So, once the elm was a stump, I had to figure out what do with said stump.  I decided on a native garden.  It is raised on one side and slopes down so that the yucca that have been under the tree for years could be part of the new garden.  It has sage, Morman tea, ornamental grass, cactus, and several zeroscape flowers.  Today, I want to share photos of the current bloomers – neighbors to the Southwest Garden.  The new garden is the Hovenweep Garden.

 

 

PS – Next up is Orange Flurry – maybe tomorrow.  Who knows what a cool, rainy day might bring?

 

It’s Almost Daylily Season!

Maybe even tomorrow!  Kokopelli is busting at the seams – so soon, for sure.

It is interesting to watch the variables at work.  Last year, Kokopelli bloomed on June 21st.  Almost 3 weeks early this year.  Why?  Is it that she is in a buried pot?  Is it the new soak hose watering system? Is it the lack of one tree what was blocking light?  Is it the extreme drought that has been upon us since last fall (and winter watering)?   Is it just that she is older?  Who knows?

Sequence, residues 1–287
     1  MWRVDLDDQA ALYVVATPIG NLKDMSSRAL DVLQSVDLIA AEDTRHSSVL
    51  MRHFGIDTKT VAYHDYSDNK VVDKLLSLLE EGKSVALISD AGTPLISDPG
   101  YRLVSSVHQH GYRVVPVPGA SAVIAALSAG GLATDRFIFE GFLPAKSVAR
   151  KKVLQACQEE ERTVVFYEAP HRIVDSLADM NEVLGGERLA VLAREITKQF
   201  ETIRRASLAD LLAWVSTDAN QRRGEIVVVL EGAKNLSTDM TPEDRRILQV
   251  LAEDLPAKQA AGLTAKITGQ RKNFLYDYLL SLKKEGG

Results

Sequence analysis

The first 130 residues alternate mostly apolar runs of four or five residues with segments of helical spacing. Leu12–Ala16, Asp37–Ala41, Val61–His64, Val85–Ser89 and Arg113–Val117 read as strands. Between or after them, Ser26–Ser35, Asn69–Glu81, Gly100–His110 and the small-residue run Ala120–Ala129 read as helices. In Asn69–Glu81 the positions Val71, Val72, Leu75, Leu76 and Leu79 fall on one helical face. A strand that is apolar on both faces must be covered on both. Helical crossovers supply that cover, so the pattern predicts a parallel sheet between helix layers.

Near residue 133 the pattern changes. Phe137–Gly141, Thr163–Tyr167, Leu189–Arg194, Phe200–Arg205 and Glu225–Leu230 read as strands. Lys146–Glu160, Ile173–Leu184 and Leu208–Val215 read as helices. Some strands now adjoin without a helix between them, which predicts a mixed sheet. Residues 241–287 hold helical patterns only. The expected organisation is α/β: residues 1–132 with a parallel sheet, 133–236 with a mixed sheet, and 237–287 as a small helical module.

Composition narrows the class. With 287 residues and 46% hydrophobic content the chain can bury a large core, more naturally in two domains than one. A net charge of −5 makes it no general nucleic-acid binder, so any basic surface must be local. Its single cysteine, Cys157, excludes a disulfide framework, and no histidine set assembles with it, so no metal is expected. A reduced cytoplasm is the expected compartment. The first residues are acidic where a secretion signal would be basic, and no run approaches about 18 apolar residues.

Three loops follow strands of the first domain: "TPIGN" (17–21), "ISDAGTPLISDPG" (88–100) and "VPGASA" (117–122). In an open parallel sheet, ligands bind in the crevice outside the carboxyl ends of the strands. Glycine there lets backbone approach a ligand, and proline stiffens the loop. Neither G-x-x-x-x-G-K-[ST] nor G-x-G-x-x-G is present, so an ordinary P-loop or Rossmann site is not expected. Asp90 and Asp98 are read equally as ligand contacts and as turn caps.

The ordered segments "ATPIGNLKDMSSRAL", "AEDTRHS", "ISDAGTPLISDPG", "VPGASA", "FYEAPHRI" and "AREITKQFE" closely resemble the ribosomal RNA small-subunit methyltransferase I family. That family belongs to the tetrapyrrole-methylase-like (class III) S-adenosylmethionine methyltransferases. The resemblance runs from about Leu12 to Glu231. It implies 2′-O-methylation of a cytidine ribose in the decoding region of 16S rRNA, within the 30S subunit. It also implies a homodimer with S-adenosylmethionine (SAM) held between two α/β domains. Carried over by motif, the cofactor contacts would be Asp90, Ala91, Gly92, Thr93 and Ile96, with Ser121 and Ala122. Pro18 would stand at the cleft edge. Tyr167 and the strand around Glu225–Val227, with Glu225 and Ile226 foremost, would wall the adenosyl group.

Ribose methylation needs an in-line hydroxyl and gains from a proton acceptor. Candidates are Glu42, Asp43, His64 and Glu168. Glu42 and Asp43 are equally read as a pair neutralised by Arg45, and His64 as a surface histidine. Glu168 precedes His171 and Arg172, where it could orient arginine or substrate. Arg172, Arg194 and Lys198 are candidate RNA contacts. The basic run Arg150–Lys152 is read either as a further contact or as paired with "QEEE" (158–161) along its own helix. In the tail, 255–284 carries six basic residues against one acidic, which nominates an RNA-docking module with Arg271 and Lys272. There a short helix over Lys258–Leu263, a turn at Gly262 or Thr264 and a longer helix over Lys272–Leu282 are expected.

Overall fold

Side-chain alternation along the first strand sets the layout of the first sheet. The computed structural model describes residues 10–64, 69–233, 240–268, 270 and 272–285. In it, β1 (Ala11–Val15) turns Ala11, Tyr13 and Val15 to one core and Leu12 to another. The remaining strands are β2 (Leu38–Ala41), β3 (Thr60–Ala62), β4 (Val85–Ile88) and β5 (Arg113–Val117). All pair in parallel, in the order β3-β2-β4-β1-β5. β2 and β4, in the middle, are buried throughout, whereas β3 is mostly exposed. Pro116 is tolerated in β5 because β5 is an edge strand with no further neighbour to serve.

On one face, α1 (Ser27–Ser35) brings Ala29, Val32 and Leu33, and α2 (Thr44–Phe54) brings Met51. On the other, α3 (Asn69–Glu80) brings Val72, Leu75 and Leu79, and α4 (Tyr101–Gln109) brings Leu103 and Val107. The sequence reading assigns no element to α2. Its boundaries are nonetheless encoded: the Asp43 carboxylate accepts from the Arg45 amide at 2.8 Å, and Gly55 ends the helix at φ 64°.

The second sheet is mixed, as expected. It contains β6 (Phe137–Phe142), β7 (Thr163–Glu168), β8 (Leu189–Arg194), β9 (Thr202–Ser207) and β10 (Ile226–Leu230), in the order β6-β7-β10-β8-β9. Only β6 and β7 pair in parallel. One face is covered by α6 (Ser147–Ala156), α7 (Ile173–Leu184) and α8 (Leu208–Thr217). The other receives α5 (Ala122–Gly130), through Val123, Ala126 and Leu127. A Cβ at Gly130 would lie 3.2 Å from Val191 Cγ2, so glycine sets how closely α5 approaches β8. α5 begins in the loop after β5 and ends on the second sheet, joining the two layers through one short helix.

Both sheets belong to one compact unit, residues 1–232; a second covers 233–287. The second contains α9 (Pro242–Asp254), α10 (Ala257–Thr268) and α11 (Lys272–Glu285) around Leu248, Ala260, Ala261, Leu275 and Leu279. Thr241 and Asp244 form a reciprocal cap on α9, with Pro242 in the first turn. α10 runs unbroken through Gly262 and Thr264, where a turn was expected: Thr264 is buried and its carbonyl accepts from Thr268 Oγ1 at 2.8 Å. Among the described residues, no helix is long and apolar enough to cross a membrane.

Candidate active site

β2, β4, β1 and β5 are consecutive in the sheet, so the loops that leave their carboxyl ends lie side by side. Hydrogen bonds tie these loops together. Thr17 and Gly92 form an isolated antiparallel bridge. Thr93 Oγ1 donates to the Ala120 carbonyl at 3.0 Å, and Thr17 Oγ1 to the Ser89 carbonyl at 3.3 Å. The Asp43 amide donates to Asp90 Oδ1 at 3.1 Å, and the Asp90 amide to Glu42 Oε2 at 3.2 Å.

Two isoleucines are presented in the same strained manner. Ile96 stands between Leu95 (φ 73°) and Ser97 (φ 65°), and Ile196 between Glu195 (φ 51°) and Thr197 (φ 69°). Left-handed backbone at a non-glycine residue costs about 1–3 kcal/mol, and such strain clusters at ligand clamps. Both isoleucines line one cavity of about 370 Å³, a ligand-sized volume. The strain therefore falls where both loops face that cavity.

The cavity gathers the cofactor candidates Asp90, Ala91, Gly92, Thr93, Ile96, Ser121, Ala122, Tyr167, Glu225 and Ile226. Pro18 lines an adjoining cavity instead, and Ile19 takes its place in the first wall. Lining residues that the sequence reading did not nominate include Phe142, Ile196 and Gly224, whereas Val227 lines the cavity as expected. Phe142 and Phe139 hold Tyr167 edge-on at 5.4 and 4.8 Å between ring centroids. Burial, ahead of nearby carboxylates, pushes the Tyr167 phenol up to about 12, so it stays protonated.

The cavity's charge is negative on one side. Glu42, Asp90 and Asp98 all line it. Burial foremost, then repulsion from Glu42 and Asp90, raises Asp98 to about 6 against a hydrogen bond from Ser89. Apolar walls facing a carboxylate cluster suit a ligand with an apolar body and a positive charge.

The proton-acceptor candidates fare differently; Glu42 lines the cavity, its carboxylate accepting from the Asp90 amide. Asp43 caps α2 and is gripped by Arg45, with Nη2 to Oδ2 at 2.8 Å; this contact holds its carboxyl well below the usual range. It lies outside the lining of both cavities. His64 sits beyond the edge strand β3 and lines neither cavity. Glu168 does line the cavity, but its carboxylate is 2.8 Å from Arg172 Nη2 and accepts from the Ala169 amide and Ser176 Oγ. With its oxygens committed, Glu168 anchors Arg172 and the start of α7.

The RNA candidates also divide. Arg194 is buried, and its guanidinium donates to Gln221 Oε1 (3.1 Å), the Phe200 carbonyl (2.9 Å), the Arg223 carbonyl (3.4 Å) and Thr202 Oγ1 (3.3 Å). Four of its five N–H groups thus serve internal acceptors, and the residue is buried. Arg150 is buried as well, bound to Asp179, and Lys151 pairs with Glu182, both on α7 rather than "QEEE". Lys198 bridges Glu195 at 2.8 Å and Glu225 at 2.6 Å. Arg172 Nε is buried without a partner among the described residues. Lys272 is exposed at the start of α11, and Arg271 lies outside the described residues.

Kokopelli bud 6/2/2018

Last year, my new Lowes daylilies (Stella offspring) gave my first bloom.  Then, my old Stella,  Then Return a Smile.  My Stella offspring do not have scapes yet, but the other two have early ones.

Another big shift this year is 20 daylilies with scapes in my Southwestern garden . . . already.  Last year, I don’t think I got that many blooms all season.  So, something I did shifted the ecosystem . . . or the extreme drought.  Or, the plants are just more mature.  Or, a combo.  I vote for the latter.  Here are a couple of comparison shots – a year apart late May/early April.  Bigger plants!

Southwest Daylily Patch: End of April, 2017